The Core i5 2557M carries a pricetag of $250, while the Core i7 2637M goes for $289, and the Core i7 2677M has an MSRP of $317. You can see the entire price list here.  The new Sandy Bridge based ULV processors are able to Turbo Boost from between 1.0 and 1.1 GHz depending on model, which should provide plenty of power for mobile devices while sipping battery power with a TDP (themal design power) of only 17 watts.

Source: Maximum PC

Does Intel's SRT need an Intel SSD to work properly?

Subject: Storage | June 20, 2011 - 09:25 AM |
Tagged: ssd, srt, Intel, kingston, cache

It is a common question with the release of the Z68 series of boards, as people wonder if they really need to shell out the money for an Intel SSD in order to take advantage of Intel Smart Response Technology, which lets you use an SSD of 60GB or less as a cache drive.  Techgage took it upon themselves to investigate and compared the performance improvements to a HDD when using an Intel 20GB 311 SATA II SSD and a Kingston 64GB SDnow 100V+ SATA II SSD.  As happens all to often lately the answer is not clear cut; the best cache drive depends heavily on the file sizes you commonly deal with.

TG_SRT.jpg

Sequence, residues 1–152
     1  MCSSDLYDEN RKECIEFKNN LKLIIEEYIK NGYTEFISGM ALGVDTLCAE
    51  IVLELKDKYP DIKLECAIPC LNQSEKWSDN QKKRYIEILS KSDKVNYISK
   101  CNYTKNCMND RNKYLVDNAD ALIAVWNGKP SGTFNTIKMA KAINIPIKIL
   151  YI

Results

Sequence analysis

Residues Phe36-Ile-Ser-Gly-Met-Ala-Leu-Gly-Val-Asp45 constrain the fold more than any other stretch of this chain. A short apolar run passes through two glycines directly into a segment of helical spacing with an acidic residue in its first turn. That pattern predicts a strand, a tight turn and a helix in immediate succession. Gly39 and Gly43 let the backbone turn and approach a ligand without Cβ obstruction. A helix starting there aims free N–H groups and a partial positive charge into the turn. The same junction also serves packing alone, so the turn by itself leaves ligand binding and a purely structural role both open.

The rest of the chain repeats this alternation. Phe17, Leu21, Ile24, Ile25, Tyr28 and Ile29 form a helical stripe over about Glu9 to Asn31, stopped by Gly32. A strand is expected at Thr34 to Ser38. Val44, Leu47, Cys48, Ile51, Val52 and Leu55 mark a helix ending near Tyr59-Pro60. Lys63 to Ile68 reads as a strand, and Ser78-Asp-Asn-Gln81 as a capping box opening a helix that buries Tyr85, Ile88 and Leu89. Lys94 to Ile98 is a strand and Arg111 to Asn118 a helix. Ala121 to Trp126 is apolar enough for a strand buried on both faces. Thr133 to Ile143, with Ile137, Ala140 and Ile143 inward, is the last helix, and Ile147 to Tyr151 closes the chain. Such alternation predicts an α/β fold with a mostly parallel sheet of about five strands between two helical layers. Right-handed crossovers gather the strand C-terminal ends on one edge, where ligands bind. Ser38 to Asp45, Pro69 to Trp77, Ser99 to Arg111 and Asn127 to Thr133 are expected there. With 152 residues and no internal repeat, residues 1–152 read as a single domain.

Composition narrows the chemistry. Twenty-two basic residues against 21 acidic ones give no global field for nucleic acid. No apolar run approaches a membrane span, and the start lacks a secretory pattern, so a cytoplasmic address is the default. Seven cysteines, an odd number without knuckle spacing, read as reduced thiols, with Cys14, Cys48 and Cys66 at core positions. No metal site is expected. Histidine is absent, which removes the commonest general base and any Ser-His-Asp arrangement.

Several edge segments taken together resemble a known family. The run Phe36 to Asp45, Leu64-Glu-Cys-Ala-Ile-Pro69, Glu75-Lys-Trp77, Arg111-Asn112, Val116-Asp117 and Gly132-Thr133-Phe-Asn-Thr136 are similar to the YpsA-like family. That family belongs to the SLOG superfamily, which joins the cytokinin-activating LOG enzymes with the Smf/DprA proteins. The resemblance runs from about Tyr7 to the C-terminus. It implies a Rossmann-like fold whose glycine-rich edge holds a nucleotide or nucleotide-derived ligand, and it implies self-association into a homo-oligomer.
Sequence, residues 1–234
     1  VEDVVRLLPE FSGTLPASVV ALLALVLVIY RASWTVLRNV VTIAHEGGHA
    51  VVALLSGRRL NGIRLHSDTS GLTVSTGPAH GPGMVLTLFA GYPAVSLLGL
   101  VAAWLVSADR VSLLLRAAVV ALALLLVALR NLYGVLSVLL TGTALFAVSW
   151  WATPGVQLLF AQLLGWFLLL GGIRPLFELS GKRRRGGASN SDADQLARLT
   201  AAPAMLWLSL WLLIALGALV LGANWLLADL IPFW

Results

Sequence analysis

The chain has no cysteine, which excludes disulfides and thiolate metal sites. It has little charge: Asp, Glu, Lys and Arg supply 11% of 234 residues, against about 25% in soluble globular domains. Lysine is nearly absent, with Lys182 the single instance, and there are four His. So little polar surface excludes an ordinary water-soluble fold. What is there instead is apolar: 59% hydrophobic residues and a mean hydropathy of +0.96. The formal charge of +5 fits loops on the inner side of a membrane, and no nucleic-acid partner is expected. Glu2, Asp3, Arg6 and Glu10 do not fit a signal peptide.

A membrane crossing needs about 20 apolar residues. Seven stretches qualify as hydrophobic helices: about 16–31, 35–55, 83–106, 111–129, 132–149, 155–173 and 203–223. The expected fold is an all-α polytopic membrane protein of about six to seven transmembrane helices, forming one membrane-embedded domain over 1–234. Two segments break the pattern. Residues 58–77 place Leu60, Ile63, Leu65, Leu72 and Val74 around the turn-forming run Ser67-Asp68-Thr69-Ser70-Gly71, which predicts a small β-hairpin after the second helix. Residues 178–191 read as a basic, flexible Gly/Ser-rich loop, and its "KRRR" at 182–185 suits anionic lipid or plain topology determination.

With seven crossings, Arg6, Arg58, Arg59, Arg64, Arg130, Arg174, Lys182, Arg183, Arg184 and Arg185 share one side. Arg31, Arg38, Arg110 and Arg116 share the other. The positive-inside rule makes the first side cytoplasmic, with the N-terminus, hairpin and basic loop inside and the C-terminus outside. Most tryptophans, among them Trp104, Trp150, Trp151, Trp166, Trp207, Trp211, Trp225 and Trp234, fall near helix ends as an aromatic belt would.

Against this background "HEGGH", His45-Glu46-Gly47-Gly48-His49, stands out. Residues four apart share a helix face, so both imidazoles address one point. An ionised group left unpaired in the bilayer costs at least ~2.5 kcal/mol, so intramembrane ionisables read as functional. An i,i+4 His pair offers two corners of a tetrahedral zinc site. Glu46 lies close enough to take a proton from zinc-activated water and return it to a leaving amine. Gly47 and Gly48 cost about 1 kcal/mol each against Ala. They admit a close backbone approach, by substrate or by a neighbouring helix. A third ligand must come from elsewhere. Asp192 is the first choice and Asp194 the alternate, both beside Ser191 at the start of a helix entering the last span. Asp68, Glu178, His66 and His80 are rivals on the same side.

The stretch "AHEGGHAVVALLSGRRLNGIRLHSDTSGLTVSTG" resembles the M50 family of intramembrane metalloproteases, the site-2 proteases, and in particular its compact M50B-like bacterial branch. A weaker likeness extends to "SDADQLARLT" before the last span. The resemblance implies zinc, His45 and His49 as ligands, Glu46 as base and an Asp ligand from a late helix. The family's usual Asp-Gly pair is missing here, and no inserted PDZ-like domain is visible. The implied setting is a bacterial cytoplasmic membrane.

"When we tested out Intel's 'Smart Response Technology' last month, we liked what we saw. But at $110 for a 20GB SLC SSD, we wondered if a larger, more cost-effective option could still make the best use of the technology. With that, we're pitting Kingston's SSDNow V+100 64GB drive, at $150, against Intel's, to see if we retain SRT's effectiveness."

Here are some more Storage reviews from around the web:

Storage

Source: Techgage

Larrabee rides again, almost ... meet Knights Corner the new Many Integrated Core design

Subject: General Tech | June 20, 2011 - 09:11 AM |
Tagged: Intel, mic, larrabee, knights corner, 50 GPGPU

Knights Corner is not exactly Larrabee but the idea behind both are very similar.  A large number of GPGPUs are integrated with a CPU, Intel is using a Xeon core now as opposed to a Pentium; with the GPGPUs hooked up in a similar method to Larrabee's ring of Pentium cores.  The design is proven as they have sold units of the previous generation Kights Ferry and offers a feature that a lot of programmers are going to appreciate; instead of needing to learn a new language like CUDA or OpenCL, standard x86 scalar code is used to program these chips.  This architecture is also expected to scale very well, for as ARM recently pointed out only specific multithreaded applications continue to scale well as more cores are added.   Drop by The Inquirer for more information.

KnightsFerry.jpg

They will likely be sold as PCIe card like the Knights Ferry card pictured above.

"CHIPMAKER Intel has announced its second generation hybrid core technology codenamed 'Knights Corner'.

Knights Corner is Intel's second chip in its Many Integrated Core (MIC) chip line and will feature Xeon X86 cores and more than 50 GPGPU cores loosely based on what was previously known as Larrabee. Knights Corner will be fabricated using Intel's 22nm tri-gate process node beginning in 2012, though the firm would not be drawn on the exact core count at this time."

Here is some more Tech News from around the web:

Tech Talk